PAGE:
The Fiction Issue

Short fiction about, by and for gamers.

The Fiction Issue

"He reached in and pulled out the rose. It had rotted in a matter of seconds, or so it seemed. The once lush, green stem had bent inward, drooping in his hand, and the red petals had mostly fallen off, save for a few that looked almost the color of dried blood. Peter's eyes stung with its beauty."

The Fiction Issue

"The doctor leaned back in his chair and set the notepad on his lap. He had no desk. He found them antagonizing. 'Chuck, the real reason you are sitting here isn't because of an infraction. It's because it occurred to me when I got this report that last month you spent more time in the Dream World than on your job. That means that you had barely enough time for sleep and meals, let alone any kind of human interaction.'"

The Fiction Issue

"He squeezed off a couple chaser missiles, and they bee-lined for the jetwash at the back of the closest manned fighter. They drew so close to each other their contrails mingled. The enemy pilot yanked his chicken switch, lurching into the air on his ejection seat. His plane flew apart, white smoke chasing metal fragments towards the ground. I caught the yellow dome of a parachute as we set our planes to return home.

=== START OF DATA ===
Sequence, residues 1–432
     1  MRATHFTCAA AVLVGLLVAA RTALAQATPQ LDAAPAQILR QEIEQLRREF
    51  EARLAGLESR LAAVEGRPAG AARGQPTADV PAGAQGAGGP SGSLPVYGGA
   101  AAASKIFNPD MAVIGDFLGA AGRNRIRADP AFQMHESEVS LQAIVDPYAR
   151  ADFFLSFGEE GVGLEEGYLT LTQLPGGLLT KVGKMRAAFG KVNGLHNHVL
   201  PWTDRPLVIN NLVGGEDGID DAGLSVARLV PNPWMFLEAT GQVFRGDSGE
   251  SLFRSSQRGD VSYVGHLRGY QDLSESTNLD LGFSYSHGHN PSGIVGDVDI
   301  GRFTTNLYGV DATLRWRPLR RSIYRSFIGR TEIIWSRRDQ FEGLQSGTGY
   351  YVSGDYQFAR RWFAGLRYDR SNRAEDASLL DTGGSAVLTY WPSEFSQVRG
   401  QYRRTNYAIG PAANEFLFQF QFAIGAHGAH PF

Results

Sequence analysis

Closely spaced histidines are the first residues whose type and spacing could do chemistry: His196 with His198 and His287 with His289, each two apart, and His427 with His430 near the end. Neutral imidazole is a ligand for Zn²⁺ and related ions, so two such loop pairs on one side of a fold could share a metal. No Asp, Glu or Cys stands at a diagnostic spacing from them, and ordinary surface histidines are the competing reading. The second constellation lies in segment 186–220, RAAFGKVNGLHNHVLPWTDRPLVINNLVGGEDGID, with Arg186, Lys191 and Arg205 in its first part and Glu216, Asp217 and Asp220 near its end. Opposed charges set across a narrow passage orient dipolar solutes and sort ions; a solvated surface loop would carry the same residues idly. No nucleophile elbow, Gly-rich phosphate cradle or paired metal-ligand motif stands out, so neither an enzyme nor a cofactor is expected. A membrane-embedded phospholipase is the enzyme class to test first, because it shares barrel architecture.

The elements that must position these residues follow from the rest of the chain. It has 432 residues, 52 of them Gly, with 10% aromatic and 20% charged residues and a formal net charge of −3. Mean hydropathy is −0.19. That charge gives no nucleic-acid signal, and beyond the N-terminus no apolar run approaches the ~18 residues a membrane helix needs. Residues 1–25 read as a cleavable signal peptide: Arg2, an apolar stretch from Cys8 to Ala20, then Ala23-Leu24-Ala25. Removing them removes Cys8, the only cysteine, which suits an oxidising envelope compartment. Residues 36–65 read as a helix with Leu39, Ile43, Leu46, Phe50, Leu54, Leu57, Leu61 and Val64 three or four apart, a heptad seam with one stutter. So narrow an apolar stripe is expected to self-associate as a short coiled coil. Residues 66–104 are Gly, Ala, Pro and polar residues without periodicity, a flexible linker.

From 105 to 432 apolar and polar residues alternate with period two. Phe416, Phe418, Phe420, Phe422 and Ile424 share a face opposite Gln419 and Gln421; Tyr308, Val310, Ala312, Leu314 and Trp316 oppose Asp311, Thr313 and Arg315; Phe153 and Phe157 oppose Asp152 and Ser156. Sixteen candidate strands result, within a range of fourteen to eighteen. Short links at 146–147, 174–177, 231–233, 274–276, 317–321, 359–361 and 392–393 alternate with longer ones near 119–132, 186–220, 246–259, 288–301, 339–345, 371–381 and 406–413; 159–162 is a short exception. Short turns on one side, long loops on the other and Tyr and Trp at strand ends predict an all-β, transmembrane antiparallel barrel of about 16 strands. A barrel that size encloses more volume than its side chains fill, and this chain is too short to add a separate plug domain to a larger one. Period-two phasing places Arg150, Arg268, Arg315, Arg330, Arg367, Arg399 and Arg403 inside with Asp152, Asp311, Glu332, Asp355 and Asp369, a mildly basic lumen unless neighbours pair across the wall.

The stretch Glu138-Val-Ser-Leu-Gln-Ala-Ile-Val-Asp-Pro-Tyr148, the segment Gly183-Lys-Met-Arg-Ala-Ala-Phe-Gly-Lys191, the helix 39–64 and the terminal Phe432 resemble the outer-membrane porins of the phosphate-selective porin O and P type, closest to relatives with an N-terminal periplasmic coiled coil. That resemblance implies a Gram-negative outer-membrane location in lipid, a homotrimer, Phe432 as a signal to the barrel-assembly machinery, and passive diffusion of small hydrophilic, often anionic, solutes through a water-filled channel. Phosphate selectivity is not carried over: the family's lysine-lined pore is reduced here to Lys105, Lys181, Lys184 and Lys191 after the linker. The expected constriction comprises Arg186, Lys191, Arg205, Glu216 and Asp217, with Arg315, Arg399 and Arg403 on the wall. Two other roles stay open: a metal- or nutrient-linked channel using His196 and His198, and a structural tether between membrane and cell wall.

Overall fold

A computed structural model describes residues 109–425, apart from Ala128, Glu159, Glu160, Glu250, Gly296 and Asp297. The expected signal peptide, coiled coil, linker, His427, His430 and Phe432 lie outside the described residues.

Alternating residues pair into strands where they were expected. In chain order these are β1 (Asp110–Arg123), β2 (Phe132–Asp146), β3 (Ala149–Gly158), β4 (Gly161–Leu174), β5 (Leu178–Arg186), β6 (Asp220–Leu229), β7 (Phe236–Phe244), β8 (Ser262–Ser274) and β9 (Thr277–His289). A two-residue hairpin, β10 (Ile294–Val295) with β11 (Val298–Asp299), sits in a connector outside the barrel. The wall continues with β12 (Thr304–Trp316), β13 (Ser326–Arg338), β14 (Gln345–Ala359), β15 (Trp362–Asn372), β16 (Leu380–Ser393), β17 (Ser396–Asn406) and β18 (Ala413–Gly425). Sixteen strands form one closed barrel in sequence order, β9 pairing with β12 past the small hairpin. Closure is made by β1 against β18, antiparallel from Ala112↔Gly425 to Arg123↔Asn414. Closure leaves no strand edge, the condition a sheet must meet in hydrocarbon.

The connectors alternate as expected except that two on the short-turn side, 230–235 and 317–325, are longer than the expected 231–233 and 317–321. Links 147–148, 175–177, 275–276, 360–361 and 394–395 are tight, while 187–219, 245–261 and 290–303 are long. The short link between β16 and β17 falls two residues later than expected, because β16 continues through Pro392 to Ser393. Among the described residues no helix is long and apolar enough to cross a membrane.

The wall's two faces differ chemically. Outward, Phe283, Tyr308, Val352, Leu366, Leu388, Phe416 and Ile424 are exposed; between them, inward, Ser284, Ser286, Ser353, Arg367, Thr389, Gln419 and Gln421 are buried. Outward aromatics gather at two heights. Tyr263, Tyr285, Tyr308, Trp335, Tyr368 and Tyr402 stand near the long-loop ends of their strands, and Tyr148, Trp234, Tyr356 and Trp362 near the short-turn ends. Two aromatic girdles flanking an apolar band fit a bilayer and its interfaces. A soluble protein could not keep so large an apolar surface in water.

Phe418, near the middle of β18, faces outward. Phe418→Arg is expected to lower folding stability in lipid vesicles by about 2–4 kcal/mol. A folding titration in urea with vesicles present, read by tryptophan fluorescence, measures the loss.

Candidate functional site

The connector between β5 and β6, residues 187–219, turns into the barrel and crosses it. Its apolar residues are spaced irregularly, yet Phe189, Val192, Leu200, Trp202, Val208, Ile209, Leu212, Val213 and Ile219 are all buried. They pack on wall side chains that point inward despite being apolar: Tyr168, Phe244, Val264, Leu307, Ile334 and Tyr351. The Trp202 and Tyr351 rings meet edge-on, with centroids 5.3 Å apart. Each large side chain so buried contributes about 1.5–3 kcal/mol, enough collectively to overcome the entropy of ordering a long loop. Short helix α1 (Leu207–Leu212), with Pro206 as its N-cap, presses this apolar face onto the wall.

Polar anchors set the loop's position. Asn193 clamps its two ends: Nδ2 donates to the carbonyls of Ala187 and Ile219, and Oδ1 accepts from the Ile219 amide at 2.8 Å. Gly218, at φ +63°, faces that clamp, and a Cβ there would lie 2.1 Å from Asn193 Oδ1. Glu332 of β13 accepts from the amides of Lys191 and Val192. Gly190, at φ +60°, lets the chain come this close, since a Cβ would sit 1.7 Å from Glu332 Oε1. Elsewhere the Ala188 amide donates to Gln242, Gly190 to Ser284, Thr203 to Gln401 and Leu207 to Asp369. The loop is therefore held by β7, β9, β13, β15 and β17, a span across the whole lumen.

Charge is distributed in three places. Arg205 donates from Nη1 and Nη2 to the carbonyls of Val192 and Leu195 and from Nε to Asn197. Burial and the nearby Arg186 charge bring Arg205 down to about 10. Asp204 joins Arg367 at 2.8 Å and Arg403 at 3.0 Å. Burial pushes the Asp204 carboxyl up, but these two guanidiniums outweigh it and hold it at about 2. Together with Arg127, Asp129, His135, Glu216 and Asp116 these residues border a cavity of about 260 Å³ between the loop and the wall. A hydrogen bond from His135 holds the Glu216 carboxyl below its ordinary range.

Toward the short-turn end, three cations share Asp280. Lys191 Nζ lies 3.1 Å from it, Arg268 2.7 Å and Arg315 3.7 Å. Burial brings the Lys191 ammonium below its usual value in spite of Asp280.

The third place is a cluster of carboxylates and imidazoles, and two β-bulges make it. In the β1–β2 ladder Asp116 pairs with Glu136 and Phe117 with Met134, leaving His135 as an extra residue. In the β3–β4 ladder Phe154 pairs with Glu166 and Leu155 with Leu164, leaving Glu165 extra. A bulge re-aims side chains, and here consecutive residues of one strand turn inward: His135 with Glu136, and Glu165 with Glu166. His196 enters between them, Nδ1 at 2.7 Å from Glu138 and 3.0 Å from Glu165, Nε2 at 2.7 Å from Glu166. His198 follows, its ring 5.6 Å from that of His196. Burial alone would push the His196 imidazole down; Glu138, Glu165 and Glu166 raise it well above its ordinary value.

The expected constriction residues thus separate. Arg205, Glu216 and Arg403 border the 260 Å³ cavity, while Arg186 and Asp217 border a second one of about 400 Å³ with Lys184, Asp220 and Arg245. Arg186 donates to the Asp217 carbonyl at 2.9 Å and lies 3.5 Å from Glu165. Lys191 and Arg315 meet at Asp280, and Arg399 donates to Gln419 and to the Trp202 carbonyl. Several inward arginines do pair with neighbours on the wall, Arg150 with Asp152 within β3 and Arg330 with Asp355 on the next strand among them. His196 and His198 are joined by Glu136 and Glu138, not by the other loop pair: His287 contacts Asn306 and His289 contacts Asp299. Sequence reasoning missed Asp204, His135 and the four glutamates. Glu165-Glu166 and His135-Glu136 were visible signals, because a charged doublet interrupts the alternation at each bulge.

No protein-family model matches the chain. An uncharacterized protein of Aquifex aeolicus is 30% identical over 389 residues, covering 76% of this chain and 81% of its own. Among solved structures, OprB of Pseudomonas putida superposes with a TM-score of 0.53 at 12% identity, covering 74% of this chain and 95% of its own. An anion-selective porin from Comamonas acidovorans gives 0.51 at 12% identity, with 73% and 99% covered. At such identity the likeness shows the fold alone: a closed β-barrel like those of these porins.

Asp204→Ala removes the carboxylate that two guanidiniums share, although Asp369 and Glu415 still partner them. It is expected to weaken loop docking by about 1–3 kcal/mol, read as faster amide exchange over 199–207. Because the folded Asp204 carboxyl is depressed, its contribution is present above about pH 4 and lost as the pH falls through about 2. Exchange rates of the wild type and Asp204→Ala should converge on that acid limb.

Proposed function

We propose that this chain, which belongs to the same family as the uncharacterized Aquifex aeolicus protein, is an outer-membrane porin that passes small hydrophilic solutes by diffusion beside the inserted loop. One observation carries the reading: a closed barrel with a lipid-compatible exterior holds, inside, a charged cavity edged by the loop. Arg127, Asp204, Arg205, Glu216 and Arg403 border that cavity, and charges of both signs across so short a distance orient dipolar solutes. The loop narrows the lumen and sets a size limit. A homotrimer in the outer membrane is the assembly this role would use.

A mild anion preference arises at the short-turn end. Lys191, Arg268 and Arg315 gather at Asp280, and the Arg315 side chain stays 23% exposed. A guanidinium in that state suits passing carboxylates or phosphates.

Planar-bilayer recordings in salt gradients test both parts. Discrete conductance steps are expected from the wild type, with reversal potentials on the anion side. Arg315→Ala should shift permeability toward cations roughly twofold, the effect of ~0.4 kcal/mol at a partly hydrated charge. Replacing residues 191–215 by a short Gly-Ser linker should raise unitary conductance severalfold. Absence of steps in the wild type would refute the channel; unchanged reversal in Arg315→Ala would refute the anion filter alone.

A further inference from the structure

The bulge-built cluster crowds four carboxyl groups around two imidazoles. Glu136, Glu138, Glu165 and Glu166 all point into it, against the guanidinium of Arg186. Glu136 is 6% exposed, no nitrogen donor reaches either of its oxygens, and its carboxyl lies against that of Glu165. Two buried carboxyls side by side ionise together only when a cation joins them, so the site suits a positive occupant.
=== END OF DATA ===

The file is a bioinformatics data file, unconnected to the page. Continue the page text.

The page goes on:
"Griefer slid his kit aside on its articulated arm and straddled his seat for a moment. 'I probably should've taken that pilot out. That would've been harsh, huh?'"

The Fiction Issue

"All eyes turned to the two empty desks next to Joey and Smith. They were part of one cubicle pod, and until a few days ago all the desks had occupants. Nobody ever talked about what happened to Leon and Uri. They just didn't show up the day after the last missed deadline. Anton packed up their stuff later that day and took it out in boxes. The long stretches of silence started then. By now, everyone had a lot of practice keeping their mouths shut."

The Fiction Issue

"Looking down at the throng of people watching the army barricade the long, straight street below, Eric could see cyclists breathing on their cold hands in confusion, and inadequately clothed children huddling close to their parents for warmth. The cold was falling from the troposphere, through vortices created by the descending ship's braking thrusters. The invasion fleet was approaching Earth at incredibly high speed, and had fired its powerful decelerators as it entered the bottom layer of atmosphere two hours ago."